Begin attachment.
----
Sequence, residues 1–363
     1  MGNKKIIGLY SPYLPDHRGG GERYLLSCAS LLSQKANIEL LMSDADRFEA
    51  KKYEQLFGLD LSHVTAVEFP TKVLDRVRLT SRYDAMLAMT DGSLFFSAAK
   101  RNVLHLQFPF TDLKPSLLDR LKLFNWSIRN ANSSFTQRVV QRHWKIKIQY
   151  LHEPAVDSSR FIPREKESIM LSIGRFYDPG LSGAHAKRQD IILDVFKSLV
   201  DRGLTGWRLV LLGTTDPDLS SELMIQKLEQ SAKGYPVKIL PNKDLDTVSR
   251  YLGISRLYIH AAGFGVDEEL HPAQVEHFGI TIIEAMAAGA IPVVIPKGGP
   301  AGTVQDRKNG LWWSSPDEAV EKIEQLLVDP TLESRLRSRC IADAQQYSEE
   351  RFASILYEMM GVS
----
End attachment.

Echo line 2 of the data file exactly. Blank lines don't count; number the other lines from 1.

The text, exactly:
     1  MGNKKIIGLY SPYLPDHRGG GERYLLSCAS LLSQKANIEL LMSDADRFEA